Wednesday, June 19, 2019


It has been something of an old lesson in basic Asian history for schools. When the subject of China is brought up, the rote memorization states that it is the most populous country in the world. It had gotten to the point that the Communist government instituted a policy of one child per family to curb that growth. Next point, thus far the only nation that could keep up with Chinese population growth had been India. But these rudimentary lessons may soon become obsolete. Current trends in population growth and decline would see China soon to give up its global population title to its neighbor.

CNN reports that judging from data compiled in the 2019 World Population Prospects report by the United Nations (UN), before the next decade of the 21st Century is out China will soon be outnumbered in population count by India. So far the two countries combined make up for roughly 37% of the global population, with China at 1.4 billion and India at 1.3 billion. Unfortunately a significant drop in Chinese population growth, combined with a runaway explosion of the same in India, would see the latter have more inhabitants no later than the year 2027.

Based on statistics found in the UN World Population Prospects which released this Monday, June 17, China has a projected 2.2% shrinkage in population, which would around 31.4 million Chinese people dying without newborns to replace them. Between 2019 to mid-century in 2050, the total population of China could plummet from 1.4 billion to 1.1 billion, by which point India’s growth would be pushing 1.5 billion. These growths are able to offset the projected 1% shrinkage of inhabitants forecast for 55 countries around the world. In fact, come 2050 the global population would be at a mind-blowing 9.7 billion, compared to the 2.6 billion world population in 1950 when the United Nations itself was founded.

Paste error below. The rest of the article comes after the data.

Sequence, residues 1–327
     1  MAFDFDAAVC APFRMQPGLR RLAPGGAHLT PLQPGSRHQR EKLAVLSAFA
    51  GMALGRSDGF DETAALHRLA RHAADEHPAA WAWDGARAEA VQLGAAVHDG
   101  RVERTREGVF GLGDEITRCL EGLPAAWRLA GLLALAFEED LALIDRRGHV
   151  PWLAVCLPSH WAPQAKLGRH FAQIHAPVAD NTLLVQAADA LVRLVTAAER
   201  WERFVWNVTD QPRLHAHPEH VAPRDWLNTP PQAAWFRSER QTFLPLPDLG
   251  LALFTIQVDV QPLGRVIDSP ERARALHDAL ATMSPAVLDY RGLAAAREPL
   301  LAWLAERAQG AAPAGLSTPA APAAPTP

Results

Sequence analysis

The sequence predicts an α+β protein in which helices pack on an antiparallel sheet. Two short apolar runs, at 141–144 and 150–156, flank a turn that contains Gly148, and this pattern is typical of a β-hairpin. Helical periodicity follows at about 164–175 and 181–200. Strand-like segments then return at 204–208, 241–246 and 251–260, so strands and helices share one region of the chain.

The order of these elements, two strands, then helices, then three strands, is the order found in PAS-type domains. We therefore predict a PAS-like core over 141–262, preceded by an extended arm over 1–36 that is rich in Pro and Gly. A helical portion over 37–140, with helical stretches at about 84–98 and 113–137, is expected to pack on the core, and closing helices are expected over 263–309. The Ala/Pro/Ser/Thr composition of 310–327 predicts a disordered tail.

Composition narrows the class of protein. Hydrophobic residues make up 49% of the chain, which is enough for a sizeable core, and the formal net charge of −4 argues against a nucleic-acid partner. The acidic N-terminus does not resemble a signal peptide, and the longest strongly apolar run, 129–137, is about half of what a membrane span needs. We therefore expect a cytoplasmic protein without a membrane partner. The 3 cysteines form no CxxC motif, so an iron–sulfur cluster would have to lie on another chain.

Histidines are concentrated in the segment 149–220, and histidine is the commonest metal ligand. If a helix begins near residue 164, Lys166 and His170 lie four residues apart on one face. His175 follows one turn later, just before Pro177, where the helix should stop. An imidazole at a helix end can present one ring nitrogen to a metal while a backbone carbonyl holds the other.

Studies made by the UN for the World Population Prospects report was done by observing trends in country demographics and patterns of fertility (how often are new people born in a country), mortality (how many in a country’s population are expected to die off due to age, sickness, or violence), and migration (the trend of people moving from one country to another). China’s population drop is attributed to the rising cost of living for population centers, discouraging many Chinese from starting families. It was this trend that spurred the government to cancel the infamous One-Child policy, but so far the measure has not been effective.

In terms of other top countries in population, longtime third-placer the United States (434 million) is expected to be overtaken by Nigeria (733 million) in 2050. Pakistan remains fifth place.

Image from Nikkei Asian Review


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